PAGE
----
Midway through the second quarter of the first game between the Phoenix Suns and Denver Nuggets, Bruce Brown drove to the hoop while DeAndre Ayton was defending him. The shot missed and Ayton found himself on the sidelines.
Instead of hustling back to get the rebound, he watched Nikola Jokic try to score off the miss. Jokic missed the first tip-in. Ayton still didn’t move from the sidelines. Jokic tried to tip it in a second time. Ayton still hasn’t moved from the same spot. Jokic tapped the ball to himself to get a better look at the basket, and finally Ayton realized that it was a live play and joined the fray.
That sequence perfectly captures the effort that the Suns have been giving in the playoffs so far.
This is a problem that didn’t just pop up in the second round. This became a glaring issue as early as Phoenix’s first round battle with the LA Clippers. In the very first game of the series, the Suns allowed the Clippers – who were playing without Paul George – to score 115 points in the upset loss. Things didn’t get better after that. Kawhi Leonard missed the final 3 games of the series, and even without their two best players, LA still managed to average 120 points against a healthy Suns team.
All in all the Suns gave up 118 points per 100 possessions in the first round. Five points more than their regular season number. Their playoff defensive rating would have them ranked as the fifth worst defense in the regular season.
After several scares against the Clippers, the Suns would have learned their lesson right?
Well, as proven by the now-viral clip of Ayton watching Jokic from the sidelines, Phoenix still hasn’t tightened up their defense.
The Nuggets opened their semis rematch against the Suns with a 125-point showing, winning Game 1 easily by 18 points. The Suns allowed the Nuggets to score a whopping 128.5 points per 100 possessions in that game. Denver scored on 47.5 percent of their shots while hitting 16 triples at a 43.2 percent clip.
Six Denver players scored in double-figures led by Jamal Murray who scored 34 points and nailed six 3-pointers. Jokic didn’t have the best game, scoring 24 points at only a 42 percent rate. But he did grab 19 rebounds, with eight coming on the offensive end.
Oh, that Ayton moment happened in the middle of a Nuggets run in the second period that blew the game wide open. Denver outscored Phoenix 37-19 in that quarter.
After getting burned defensively in the first six games of the playoffs, the Suns came out with a different kind of defensive intensity in Game 2 against the Nuggets. From the get-go, they treated Murray like he was Steph Curry. Phoenix put a bigger, more physical defender on him and it took away Murray’s flow from Game 1. He made only one of his first 10 attempts in the first three quarters, way off from his performance in the first game.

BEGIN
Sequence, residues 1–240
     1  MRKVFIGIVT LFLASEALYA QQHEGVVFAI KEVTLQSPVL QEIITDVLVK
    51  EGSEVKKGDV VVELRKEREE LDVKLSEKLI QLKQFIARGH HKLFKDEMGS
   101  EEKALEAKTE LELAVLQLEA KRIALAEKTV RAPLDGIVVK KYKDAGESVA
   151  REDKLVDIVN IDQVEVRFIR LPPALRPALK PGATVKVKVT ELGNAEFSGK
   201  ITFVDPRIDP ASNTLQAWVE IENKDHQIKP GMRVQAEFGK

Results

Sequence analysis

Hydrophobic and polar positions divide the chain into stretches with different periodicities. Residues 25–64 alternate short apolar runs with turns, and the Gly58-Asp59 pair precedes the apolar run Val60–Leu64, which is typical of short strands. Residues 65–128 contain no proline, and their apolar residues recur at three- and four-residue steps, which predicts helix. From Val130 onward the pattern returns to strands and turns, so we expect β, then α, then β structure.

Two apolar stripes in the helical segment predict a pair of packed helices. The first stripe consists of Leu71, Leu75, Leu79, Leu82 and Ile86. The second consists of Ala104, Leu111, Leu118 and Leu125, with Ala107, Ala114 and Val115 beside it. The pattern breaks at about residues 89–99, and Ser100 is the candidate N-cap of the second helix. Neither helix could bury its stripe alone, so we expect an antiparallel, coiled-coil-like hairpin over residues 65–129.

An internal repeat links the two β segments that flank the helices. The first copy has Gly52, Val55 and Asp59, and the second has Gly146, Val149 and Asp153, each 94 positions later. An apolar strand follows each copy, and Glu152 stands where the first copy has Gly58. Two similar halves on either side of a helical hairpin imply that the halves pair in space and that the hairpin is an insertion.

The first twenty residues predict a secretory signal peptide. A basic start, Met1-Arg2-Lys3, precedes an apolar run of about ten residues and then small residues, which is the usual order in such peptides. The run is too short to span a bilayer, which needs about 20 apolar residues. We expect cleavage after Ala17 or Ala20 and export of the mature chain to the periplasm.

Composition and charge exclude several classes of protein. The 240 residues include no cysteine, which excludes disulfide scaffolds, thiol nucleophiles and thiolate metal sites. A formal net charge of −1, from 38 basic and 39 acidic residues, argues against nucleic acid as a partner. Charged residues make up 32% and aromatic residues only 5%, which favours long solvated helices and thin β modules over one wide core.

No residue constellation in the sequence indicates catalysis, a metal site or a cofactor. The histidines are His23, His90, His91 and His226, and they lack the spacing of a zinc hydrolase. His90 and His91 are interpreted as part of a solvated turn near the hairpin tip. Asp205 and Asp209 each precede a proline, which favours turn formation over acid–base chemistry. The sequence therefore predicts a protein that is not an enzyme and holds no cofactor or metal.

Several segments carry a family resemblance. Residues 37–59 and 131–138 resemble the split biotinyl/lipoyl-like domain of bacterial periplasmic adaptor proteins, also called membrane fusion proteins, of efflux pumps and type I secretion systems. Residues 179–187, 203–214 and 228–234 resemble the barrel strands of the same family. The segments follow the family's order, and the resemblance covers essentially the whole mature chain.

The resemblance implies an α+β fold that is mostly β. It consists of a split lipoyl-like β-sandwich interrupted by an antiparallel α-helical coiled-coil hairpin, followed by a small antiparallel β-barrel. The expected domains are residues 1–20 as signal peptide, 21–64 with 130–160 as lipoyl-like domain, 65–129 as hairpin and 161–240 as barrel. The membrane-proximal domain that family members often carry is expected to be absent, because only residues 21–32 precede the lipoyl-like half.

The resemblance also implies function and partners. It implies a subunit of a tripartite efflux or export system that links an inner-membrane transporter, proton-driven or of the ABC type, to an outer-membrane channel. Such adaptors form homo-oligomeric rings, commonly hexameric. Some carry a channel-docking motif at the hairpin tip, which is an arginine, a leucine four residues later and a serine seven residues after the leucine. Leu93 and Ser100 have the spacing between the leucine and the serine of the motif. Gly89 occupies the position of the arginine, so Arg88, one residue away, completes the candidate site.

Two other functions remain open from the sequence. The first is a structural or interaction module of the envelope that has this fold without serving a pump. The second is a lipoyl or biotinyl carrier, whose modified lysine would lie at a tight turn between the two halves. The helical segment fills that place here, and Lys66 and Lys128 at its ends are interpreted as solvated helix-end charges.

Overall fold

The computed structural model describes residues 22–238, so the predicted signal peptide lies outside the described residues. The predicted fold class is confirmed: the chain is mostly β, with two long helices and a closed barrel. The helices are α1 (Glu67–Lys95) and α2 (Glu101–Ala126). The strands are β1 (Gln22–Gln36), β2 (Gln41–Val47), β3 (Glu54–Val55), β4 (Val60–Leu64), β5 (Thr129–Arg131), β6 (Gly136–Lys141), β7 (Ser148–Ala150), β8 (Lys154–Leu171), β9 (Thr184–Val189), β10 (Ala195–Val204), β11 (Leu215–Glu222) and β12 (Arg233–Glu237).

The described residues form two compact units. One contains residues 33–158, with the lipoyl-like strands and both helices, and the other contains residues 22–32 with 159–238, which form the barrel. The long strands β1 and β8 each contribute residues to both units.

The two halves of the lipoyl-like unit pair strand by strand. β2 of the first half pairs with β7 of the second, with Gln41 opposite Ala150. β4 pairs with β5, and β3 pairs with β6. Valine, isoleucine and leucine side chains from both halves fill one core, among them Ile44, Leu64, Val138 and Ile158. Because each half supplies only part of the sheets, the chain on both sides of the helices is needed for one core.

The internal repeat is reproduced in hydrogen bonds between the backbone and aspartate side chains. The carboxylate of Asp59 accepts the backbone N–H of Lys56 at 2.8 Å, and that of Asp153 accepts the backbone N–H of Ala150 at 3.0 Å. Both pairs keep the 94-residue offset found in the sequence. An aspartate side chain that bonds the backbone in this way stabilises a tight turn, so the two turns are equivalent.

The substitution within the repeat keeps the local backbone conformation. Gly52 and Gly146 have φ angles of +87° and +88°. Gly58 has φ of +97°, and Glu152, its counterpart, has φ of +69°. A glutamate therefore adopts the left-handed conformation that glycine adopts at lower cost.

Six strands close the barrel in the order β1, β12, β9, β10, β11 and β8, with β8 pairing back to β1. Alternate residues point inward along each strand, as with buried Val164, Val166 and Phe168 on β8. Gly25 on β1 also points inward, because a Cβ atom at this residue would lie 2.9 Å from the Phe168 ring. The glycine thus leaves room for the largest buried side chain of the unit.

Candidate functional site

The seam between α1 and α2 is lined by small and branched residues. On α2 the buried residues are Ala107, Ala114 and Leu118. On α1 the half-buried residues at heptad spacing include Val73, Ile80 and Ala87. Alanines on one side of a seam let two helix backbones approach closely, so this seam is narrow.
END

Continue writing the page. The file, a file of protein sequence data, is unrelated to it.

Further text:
The Suns also tried to muddle up everything the Nuggets did offensively. The actions that the Nuggets were running were a few feet away because the Suns were preventing them from getting to their usual spots on the floor. Because of that, the Nuggets managed to score only 40 points in the first half. That half was the best defensive performance of the Suns in the entire playoffs.
Unfortunately, they couldn’t keep it up. Phoenix’s physicality and effort on defense waned in the second half. The Suns allowed the Nuggets to have their way in the third period, where Denver scored 30 points. That opened the floodgates and set up a game-changing run in the fourth.
Kentavious Caldwell-Pope hit a big 3 to open up an eight-point lead late in the fourth. That 9-2 run was ended by a step-back by Murray and midrange J by Jokic to give the Nuggets a double-digit lead with less than two minutes left.
Jokic destroyed the Suns in the second half of Game 2. He scored 26 of his 39 points in the second half, including 18 in the third quarter alone. Murray managed to bounce back with six points and five assists in the second half. Caldwell-Pope had 11 points in the second half and hit all his three shots from beyond the arc.
The Suns proved – at least for a half – that they can play elite, playoff-level defense. Now they’ll need to do the same for four full games. They can’t play half-effort basketball on defense anymore. They’re now halfway from being swept by the Nuggets.